|From The Editor
Part of the job for a journalist is to say things efficiently. And to use words that sing, that zing, that keep the reader's attention.
So just as we must learn to say things that way, we can recognize when someone else has learned it too.
Entertainer (and presidential candidate) Donald Trump has learned that skill, employing it crudely at times. But nonetheless, his zingers zing. They are short and colorful and he pounds them in. Little Marco, Lyin' Ted and now Corrupt Hillary, all using two syllable adjectives.
The problem for the Democrats is that you hear those crude jingles twice, and you remember them.
It is also fascinating to watch Trump's struggle between "sounding presidential" and being a mudslinger. He gravitates by some inner force back to the attack, inexorably, inevitably, indefatigably.
I have a friend in the entertainment industry who based on his citizenship does not vote in U.S. elections. But his opinion, which I believe reflects the views of many in his business, is that entertainer Trump will blow away politician Clinton.
The only thing that can save Hillary Clinton, as I see it, is the minority vote, which in places like California is the majority vote. But it is not all so cut and dried.
I heard a Latino workman say he liked Trump a couple weeks ago. I asked why. He is not corrupt, answered the workman. And I remembered back to when I was a high school student.
I worked during the summer to save money for college, at a repair shop that installed car air conditioners. I helped an older, Mexican mechanic installing the machines.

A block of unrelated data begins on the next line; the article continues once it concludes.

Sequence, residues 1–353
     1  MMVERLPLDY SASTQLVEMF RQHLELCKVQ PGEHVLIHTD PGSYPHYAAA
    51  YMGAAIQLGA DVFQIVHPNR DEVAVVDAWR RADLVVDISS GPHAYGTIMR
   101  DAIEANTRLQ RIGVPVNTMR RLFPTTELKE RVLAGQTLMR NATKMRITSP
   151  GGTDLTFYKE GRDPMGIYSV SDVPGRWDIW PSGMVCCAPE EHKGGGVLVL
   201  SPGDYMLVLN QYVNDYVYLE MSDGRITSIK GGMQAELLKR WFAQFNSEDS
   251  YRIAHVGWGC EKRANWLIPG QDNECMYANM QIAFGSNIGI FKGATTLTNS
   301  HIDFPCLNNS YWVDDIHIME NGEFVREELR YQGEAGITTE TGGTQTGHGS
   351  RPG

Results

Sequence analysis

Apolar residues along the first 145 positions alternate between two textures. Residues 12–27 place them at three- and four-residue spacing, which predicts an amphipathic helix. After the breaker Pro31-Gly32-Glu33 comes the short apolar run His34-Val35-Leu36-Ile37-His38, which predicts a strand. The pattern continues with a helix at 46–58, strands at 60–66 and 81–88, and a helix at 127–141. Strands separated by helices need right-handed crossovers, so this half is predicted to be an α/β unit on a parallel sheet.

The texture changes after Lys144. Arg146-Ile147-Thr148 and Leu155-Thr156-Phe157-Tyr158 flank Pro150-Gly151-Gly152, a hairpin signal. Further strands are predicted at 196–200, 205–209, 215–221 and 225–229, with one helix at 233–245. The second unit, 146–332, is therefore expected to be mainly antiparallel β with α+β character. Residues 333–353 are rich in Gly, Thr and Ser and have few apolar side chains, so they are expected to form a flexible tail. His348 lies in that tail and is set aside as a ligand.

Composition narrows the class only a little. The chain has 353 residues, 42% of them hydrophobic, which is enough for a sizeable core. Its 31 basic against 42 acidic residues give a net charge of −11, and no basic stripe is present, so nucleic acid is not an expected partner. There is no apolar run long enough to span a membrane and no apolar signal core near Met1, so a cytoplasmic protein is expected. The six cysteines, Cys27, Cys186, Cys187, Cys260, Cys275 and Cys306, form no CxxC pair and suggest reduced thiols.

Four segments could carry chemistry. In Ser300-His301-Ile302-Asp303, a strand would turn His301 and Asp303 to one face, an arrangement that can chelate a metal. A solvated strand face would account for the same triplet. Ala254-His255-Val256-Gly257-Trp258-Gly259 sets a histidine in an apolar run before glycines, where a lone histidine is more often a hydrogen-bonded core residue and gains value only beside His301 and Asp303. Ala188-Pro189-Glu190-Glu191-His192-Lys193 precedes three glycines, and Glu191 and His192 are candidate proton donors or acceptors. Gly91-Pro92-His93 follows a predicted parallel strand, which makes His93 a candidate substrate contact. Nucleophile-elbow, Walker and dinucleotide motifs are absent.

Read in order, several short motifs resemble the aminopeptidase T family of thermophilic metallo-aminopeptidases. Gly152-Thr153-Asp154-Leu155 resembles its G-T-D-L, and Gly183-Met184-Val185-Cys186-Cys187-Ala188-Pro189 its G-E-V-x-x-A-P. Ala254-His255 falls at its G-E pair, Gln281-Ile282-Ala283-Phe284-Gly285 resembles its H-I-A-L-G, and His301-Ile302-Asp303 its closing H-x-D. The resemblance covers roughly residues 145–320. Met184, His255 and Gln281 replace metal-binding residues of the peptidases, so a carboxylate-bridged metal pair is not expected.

He was a good and sweet man, and we talked about lots of things. But I was a little shocked at how absolutely and vehemently he hated politicians. He was categorical. They were all thieves, liars, corrupt to the core.
He said it with such strength that I still remember the dark, oil-stained work bench where the otherwise sweet and gentle man expressed his rage.
Another factor that makes Trump so dangerous for the Democrats is that his attacks come from all directions. A commentator on CNN struggled to make the analogy to a boxer who swung with any hand using upper cuts, under cuts, from outside, from inside.
And like Reagan, the other entertainer who came out of TV to be president, Trump has the Teflon coating. His varying positions, his outlandish statements, his lack of a history in office, all allow him to shed old positions like a snake sheds its skin.
Lastly, there is the sheer tenacity of the man.
He has been counted out so many times. And still today, I hear folks like David Axelrod, the chief strategist for President Obama's presidential campaigns, saying that Trump has to succeed on the first ballot because his chances drop sharply after that.
But at the same time, the head of Colorado's Republican delegation is talking about bringing a sheriff along to the convention to protect against the fury of the Trumpites. And Trump's campaign staff has now been overhauled and professionalized.